That last one is especially important. You may hear that people with BPD are dangerous, manipulative, selfish, etc. It’s not true. Don’t avoid us. We need love the same as anyone else.

Carrie Fisher quote of the day: “If my life wasn’t funny, it would just be true, and that is unacceptable.”

May the 4th Be With You

Well, it’s Star Wars Day, and here I am writing without knowing what I’m doing. Again. Hi.

My second entry on why acceptance > awareness is still in progress, so I’m going to use this (short) entry to say I hope all my fellow neurodivergent people are having a good Star Wars Day. Make sure to practice self-care, take your meds if you are consensually on meds, speak your mind despite the haters, and wear glitter (or whatever serves as psychological armor for you). For Carrie.

RIP, Carrie. You were irreplaceable and we still miss you. And May the Fourth be with you, readers.

30 Days of Autism Acceptance

Let’s do something a little different for this entry.

This is from a Tumblr called, well, “30 Days of Autism Acceptance”. They did a 30-day Tumblr challenge that I participated in for Autism Acceptance Month (April).

***

Day 1. Make yourself known.  Tell the world your name and age.  Talk about your diagnosis.  Are you self or professionally diagnosed?  Do you think self-diagnosis is valid?  When did you realize/find out you were autistic?  Post a photo of yourself if you’d like.

I’m Mara Lee, and I’m not comfortable giving my exact age.

I was self-diagnosed circa middle school and professionally diagnosed at 23.

I absolutely think self-diagnosis as autistic is valid, especially because there are so many barriers to paper diagnosis: race, socioeconomic class, disability, and hell, even gender. Autistic women are so underdiagnosed that even the World Health Organization still believes autistic men are five times as common as Autistic women. For all their training, doctors will never know our brains as well as we do. And sometimes they’re wrong! I have an Autistic friend who was misdiagnosed as ADHD! The real experts on autism are Autistic people. That means sometimes we can’t rely on doctors for diagnosis. Especially if they were taught bullshit like the “extreme male brain” theory (gag me).

I realized I was Autistic almost as soon as I found out what Asperger’s was (back when that was still in the DSM). It described me perfectly, although I pass as allistic very well because my mom devoted herself to making me not autistic and forced me to learn allistic social skills.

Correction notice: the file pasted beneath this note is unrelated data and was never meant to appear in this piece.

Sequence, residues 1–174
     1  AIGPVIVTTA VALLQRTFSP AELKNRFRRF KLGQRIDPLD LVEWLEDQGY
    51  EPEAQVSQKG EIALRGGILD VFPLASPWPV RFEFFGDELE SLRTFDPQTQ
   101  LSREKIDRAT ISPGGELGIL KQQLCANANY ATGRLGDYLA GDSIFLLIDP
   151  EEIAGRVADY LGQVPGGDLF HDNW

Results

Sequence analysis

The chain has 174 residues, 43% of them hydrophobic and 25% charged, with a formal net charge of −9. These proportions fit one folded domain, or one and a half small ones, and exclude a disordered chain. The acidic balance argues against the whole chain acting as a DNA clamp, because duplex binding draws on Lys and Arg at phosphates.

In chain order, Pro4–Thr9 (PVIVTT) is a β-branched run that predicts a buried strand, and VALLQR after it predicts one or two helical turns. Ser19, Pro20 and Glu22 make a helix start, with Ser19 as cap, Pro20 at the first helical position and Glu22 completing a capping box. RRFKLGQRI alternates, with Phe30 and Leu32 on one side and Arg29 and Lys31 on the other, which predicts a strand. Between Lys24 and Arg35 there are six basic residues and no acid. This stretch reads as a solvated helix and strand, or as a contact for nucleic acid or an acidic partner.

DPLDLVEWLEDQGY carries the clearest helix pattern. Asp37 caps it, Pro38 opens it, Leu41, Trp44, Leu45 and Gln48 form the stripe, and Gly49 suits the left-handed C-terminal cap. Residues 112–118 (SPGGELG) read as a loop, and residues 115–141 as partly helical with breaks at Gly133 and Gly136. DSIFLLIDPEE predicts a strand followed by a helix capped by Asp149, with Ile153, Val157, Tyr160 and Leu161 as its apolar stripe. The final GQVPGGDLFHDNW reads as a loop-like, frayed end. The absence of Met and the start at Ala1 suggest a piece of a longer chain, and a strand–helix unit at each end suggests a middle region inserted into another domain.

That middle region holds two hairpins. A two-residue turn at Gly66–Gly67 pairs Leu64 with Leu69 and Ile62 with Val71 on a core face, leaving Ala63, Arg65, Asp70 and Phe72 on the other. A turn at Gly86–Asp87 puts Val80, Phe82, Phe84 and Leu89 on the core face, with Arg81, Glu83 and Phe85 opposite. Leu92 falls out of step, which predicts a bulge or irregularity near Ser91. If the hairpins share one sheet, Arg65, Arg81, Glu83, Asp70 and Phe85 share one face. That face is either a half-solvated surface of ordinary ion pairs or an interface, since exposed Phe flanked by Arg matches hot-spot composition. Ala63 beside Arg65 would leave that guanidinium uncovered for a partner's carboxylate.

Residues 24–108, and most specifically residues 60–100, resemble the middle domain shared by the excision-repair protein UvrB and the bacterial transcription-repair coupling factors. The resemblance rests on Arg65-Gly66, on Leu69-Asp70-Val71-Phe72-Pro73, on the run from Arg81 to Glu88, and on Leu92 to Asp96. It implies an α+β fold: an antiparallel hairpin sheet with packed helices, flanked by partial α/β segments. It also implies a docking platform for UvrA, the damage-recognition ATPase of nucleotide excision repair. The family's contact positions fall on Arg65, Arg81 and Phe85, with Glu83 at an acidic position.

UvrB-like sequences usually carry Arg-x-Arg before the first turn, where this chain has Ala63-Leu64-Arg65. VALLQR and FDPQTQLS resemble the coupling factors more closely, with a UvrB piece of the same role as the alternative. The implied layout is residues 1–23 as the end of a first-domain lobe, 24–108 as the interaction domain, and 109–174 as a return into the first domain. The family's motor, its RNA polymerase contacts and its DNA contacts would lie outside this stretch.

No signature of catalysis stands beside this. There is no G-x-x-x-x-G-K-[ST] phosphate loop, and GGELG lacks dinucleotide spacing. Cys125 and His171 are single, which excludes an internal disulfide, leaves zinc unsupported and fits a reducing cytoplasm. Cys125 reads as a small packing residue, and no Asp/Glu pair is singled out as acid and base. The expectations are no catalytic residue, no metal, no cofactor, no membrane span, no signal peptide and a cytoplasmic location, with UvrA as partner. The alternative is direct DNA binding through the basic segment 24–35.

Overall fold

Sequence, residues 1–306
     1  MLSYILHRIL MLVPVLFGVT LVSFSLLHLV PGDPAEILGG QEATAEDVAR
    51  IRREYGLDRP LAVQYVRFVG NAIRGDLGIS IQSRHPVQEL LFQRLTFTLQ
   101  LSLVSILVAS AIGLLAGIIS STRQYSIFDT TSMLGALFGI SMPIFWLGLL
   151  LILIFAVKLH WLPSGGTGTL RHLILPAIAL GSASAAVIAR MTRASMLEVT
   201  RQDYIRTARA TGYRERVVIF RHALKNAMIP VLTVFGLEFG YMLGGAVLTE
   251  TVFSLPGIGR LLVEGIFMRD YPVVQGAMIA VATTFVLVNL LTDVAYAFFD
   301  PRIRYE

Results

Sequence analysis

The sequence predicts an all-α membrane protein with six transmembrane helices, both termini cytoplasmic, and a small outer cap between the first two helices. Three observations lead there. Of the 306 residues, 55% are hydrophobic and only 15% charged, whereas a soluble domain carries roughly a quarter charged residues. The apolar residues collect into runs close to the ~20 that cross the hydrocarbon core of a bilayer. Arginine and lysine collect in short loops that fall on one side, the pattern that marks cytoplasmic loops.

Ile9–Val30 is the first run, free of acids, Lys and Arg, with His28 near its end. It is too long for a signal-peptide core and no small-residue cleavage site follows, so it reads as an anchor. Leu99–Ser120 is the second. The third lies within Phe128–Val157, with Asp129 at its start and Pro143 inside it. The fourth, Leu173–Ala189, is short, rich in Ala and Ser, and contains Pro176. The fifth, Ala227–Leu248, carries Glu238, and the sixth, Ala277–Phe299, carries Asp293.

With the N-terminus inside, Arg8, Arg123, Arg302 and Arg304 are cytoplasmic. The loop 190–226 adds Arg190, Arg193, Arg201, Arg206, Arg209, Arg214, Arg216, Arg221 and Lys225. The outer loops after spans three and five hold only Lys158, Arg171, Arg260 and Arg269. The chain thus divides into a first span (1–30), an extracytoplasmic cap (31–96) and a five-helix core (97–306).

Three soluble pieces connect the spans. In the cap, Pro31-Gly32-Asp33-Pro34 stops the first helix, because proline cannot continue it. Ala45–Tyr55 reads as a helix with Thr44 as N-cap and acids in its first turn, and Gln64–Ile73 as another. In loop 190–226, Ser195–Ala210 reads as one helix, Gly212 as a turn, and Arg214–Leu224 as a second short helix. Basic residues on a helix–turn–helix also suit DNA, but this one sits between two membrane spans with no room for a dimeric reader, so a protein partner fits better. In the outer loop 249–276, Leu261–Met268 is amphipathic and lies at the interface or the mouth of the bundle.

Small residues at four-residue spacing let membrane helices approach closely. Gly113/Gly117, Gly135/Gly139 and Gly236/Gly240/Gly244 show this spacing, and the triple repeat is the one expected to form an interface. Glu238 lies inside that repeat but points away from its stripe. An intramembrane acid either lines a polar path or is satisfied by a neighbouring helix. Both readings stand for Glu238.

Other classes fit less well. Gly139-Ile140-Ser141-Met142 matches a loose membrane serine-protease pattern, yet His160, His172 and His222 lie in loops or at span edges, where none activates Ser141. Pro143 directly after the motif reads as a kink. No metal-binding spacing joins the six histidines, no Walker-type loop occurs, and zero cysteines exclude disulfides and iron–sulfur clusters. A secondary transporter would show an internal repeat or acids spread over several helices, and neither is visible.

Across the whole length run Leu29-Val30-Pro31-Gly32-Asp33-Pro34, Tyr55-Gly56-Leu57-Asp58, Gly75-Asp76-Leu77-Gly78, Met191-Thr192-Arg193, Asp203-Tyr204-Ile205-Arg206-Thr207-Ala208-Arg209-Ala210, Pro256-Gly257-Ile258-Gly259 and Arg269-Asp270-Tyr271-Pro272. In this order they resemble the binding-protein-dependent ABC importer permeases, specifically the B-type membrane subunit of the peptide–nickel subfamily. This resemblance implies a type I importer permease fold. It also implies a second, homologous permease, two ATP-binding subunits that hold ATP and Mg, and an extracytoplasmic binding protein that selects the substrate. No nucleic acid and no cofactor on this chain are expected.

I’m not posting a photo because I have a cyberstalker.

 

Day 2. Talk about passing and/or being out. Are you out as autistic? How have people reacted? Do they treat you differently after they found out? Do you attempt to pass? If you do try to pass have you experienced autistic burnout from trying to pass?

I’m out as Autistic to almost everyone. Most people are surprised because I am hyperverbal and female, and they don’t see my stims as, well, stims. When I give the example of happy- or stress-flapping as one of my main stims, I usually get “but a lot of people do that”. (UUUUUUUGH.)

I mostly haven’t noticed people treating me differently after I disclose that I am Autistic. If they had in any way besides being openly ableist, though, I probably wouldn’t notice. I think most people don’t believe me or don’t “see me” as Autistic because I’m not a young nonverbal math genius boy who’s obsessed with trains. (This is also ableist, btw.)

I pass, much to my chagrin. I was trained from a young age to act allistic, especially with “social skills” that still make no sense to me. I don’t think I’ve ever burned out from trying to pass, but I am constantly fighting the impulse to elope when allistic social interaction is too much for me. I honestly don’t know how I have the self control to not constantly bolt from interactions at work; on Friday, I had to talk to several coworkers in a row about a work-related issue and nearly went nonverbal and came about this close to bolting three times. It was exhausting.

 

Day 3. Talk about relationships, both platonic and romantic. Have your relationships been affected by your being autistic? Have you found it hard to make and maintain friendships? Do you have a lot of friends or very few?

My relationships have definitely been affected by my being Autistic because pretty much all my interactions with people are affected by my being Autistic. It means I frequently don’t understand certain types of humor, take almost everything literally, and have next to no intellectual empathy. I do find it hard to make and maintain friendships because ableism is so prevalent. It’s rare that I find people I feel safe around. But I do have a few close friends who I absolutely love.

 

Day 4. Talk about your family and support. Who in your life has helped you? Have medical and mental health providers served your needs? Do you feel like your family is supportive of you being autistic?